The mental health of UK military partners and the variability between stages of deployment

Bennett, Charlene (2017) The mental health of UK military partners and the variability between stages of deployment. DClinPsy thesis, University of Lincoln.

29719 Charlene Thesis Final with poster.pdf
29719 Charlene Thesis Final with poster.pdf - Whole Document
Available under License Creative Commons Attribution 4.0 International.

Item Type:Thesis (DClinPsy)
Item Status:Live Archive


Objectives: The purpose of this study was to identify the prevalence of anxiety,
depression, stress, perceived stress, and PTSD symptoms in a UK population
of military partners. It also aimed to identify the extent of any relationships
between these mental health outcomes and individual differences in previously
implicated risk factors (including demographic characteristics and attachment
styles) – as well as whether mental health outcomes vary by stage of
Method: A cross-sectional cohort study (n=380) was performed on a sample of
UK military partners. A survey was developed and disseminated online which
included a number of validated questionnaires measuring constructs of distress
(Depression Anxiety Stress Scale-42), perceived stress (Perceived Stress
Scale-10), traumatic stress (Post-Traumatic Stress Disorder Checklist-5) and
attachment anxiety and avoidance (Experiences in Close Relationships-
Revised). Measurement of defence mechanisms (DSQ-40) has been included
within the extended paper for secondary analysis.
Results: The results indicate clinical levels of depression, anxiety, stress and
perceived stress in military partners and significantly greater levels of distress
when compared with prevalence rates in general adult and clinical populations.
A number of demographic and deployment specific variables appear to be
associated with elevated levels of distress including age, length of relationship,
a currently deployed partner and anxious and avoidant attachment styles.
Analysis comparing the different stages of deployment found significantly higher
depression and stress scores ‘on’ deployment compared to ‘post’ deployment
and significantly higher perceptions of stress ‘post and pre’ stage of deployment
compared to ‘post’ deployment. Attachment avoidance was also statistically
more likely ‘post’ deployment compared to ‘on’ deployment. There were no
significant differences on defence mechanisms according to stage of
deployment. Findings are discussed in relation to previous evidence and future
directions of clinical practice and research.
Conclusions: Findings indicate the need for more replicable research to provide
evidence for the prevalence of mental health difficulties in a sample of UK
military partners. Longitudinal and repeated measure designs would provide a
more reliable understanding and clarity of mental health across the stages of
deployment. Qualitative accounts might provide a rich and in-depth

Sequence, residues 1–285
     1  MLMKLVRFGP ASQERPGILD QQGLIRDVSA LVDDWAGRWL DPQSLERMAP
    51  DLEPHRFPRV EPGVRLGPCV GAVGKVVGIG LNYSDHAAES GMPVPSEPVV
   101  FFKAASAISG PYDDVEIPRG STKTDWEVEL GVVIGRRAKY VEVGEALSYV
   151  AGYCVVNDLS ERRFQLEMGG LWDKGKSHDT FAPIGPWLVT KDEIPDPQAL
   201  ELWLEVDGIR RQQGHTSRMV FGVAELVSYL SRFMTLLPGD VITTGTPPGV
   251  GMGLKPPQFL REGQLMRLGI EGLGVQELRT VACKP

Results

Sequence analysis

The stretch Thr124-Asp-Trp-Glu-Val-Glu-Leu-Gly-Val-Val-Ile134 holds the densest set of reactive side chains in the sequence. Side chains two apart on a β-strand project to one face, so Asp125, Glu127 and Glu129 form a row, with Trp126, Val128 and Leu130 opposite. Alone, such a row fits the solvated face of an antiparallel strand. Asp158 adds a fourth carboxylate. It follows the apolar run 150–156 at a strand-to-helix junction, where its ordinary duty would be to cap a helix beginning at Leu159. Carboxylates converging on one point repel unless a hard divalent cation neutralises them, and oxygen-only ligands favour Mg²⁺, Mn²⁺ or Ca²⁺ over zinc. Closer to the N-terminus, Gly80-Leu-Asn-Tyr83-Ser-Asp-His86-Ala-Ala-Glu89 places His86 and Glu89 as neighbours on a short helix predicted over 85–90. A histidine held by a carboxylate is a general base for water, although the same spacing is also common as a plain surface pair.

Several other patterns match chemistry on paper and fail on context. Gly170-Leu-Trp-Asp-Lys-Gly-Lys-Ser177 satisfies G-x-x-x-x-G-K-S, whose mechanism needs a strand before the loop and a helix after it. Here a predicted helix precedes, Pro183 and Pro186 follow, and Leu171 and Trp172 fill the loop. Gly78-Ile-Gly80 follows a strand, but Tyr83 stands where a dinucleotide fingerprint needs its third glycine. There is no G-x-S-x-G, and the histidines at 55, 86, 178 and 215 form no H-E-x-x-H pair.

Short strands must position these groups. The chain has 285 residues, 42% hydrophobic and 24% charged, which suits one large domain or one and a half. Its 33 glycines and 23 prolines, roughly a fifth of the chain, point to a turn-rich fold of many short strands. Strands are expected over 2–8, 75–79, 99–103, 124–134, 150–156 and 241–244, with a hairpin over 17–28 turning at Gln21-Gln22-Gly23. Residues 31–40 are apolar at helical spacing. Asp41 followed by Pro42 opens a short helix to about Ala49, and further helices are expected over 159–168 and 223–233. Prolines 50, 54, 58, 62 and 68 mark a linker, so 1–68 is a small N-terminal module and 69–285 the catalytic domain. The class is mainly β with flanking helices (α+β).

understanding of the factors mediating and moderating the elevated levels of
distress found in this study of military partners. Qualitative enquiry might also
provide opportunities to explore other processes underlying the varied levels of
distress dependent on stage of deployment, found in this study, and the
implications of these. Future research might need to consider how to reduce
limitations associated with sampling and study design, though at present, the
results provide preliminary support for more specialist and readily accessible
mental health services for military partners.
Statement of Contribution
On completion of this project the majority of responsibility related to design,
ethical approval, review of the literature, recruitment, the online survey tool,
analysis and write-up has lay with the trainee clinical psychologist. The
supervisors involved; Dr Rachel Sabin Farrell, Prof Nigel Hunt and Dr Nima
Moghaddam gave advice and support regarding the project design, literature
review, recruitment, analysis and write-up.
Summative feedback regarding the study design, ethical approval, literature
review and analysis was also given by academic tutors on the Trent Doctorate
in Clinical Psychology, namely; Dr David Dawson and Dr Roshan Das Nair
through their examination and feedback of the original research proposal. Other
ethical and practical considerations were also discussed during a research
annual review involving Dr Hannah Meridian of the University of Lincoln.
Regarding recruitment and the design of the online survey, the assistance of
military personnel was invaluable in ensuring language was correct and pitch
was appropriate.
Aim: This review examined the impact of deployment on military personnel
partners’ psychological wellbeing.
Method: A systematic search of electronic databases, reference lists and Internet
sources identified twelve studies for review. All of the studies assessed the impact
of deployment on one or more element of psychological health of military
partners. Only articles that were peer-reviewed, written in English language and
adopting a quantitative design were included.
Results: Outcomes from the studies suggested increased levels of depression,
anxiety, stress and distress in partners of currently deployed personnel. Results
from the methodological quality, however, shows outcomes are not supported by
robust research designs and analysis.
Conclusion: Overall, the results suggest psychological difficulties in partners of
deployed personnel are pertinent, however, conclusions are severely limited to
draw any sound conclusions. Recommendations for future research are made.

Keywords:Psychological, Mental Health, Impact, Deployment, Military, Partners
Subjects:C Biological Sciences > C800 Psychology
Divisions:College of Social Science > School of Psychology
ID Code:29719
Deposited On:23 Nov 2017 13:49

Repository Staff Only: item control page